Monday, 30 January 2012

My kind of advert

Witty, and offends the PC brigade. Perfect.

It's not just me

It's also:

Claude Allegre, former director of the Institute for the Study of the Earth, University of Paris

J. Scott Armstrong, cofounder of the Journal of Forecasting and the International Journal of Forecasting

Jan Breslow, head of the Laboratory of Biochemical Genetics and Metabolism, Rockefeller University

Roger Cohen, fellow, American Physical Society

Edward David, member, National Academy of Engineering and National Academy of Sciences

William Happer, professor of physics, Princeton

Michael Kelly, professor of technology, University of Cambridge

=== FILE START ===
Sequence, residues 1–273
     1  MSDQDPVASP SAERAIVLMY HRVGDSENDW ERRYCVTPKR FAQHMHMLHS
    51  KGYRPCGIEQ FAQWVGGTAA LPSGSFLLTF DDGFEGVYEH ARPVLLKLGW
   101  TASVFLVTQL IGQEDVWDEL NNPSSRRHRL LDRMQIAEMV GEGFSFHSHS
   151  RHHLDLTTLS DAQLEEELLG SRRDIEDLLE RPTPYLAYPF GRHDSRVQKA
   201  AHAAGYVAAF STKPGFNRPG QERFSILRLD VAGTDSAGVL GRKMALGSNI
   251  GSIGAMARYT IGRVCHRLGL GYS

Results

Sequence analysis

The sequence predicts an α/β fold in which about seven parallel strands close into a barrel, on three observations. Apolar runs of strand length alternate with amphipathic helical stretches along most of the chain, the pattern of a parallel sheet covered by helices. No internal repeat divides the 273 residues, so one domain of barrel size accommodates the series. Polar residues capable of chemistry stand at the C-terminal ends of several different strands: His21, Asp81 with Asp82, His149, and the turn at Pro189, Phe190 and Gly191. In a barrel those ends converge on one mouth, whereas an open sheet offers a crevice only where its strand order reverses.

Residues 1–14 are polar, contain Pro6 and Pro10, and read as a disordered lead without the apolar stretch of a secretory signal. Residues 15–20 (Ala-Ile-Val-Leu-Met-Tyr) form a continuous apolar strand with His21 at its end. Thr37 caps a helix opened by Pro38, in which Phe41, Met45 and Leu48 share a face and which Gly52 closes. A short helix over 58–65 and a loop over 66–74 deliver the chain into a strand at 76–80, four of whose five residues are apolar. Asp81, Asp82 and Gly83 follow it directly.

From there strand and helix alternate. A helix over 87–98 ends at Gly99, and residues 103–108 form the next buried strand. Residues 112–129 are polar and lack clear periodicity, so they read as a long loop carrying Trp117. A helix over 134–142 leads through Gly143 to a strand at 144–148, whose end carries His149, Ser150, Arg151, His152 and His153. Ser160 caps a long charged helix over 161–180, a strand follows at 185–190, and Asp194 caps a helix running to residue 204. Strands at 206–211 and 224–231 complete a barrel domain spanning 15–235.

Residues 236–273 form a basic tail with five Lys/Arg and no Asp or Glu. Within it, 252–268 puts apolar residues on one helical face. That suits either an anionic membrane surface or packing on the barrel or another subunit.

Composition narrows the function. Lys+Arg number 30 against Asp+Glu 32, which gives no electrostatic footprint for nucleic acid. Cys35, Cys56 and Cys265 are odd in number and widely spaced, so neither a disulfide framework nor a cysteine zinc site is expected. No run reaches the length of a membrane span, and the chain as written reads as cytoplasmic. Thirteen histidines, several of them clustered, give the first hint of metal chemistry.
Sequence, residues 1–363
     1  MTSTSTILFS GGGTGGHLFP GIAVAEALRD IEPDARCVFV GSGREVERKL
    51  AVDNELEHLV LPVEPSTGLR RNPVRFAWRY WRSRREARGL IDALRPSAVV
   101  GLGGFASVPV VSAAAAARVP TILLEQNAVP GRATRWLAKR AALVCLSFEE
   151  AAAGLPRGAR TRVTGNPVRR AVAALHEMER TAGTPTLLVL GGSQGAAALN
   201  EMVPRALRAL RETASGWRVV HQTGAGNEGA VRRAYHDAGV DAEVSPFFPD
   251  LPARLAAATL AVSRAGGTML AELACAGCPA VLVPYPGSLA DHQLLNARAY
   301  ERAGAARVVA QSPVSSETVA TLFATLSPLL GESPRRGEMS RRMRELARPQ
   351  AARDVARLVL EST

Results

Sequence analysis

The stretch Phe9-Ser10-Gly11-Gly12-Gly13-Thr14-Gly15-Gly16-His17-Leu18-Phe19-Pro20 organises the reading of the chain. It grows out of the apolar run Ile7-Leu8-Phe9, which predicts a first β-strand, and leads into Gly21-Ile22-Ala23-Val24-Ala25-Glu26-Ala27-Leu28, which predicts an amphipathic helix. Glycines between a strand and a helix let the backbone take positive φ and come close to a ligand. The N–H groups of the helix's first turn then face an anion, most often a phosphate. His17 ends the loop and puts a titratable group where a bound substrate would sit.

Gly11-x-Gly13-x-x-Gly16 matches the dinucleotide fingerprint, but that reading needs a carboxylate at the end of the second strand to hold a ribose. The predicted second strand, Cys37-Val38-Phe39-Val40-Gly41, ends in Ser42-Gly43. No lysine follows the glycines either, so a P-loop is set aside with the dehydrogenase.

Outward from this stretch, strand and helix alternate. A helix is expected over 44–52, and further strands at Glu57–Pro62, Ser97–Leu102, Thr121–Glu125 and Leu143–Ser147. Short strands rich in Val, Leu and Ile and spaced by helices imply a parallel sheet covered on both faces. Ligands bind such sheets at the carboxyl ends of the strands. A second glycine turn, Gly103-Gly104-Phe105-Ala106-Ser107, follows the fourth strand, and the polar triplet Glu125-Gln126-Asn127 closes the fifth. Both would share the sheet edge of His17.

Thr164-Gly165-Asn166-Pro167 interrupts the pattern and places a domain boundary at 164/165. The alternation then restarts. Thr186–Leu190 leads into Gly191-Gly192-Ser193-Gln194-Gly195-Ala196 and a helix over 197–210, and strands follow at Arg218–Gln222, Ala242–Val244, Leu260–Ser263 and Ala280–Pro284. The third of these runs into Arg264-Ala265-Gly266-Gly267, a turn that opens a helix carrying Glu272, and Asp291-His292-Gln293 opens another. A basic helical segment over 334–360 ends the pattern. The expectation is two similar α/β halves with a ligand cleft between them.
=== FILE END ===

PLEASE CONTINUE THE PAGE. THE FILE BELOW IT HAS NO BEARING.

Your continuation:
William Kininmonth, former head of climate research at the Australian Bureau of Meteorology

Richard Lindzen, professor of atmospheric sciences, MIT

James McGrath, professor of chemistry, Virginia Technical University

Rodney Nichols, former president and CEO of the New York Academy of Sciences

Burt Rutan, aerospace engineer, designer of Voyager and SpaceShipOne

Harrison H. Schmitt, Apollo 17 astronaut and former U.S. senator

Nir Shaviv, professor of astrophysics, Hebrew University, Jerusalem

Henk Tennekes, former director, Royal Dutch Meteorological Service

Antonio Zichichi, president of the World Federation of Scientists, Geneva

They express the same opinion that I have been putting forward now for years. The do so by way of an open letter to the Wall Street Journal under the title No Need to Panic About Global Warming in which they point out that: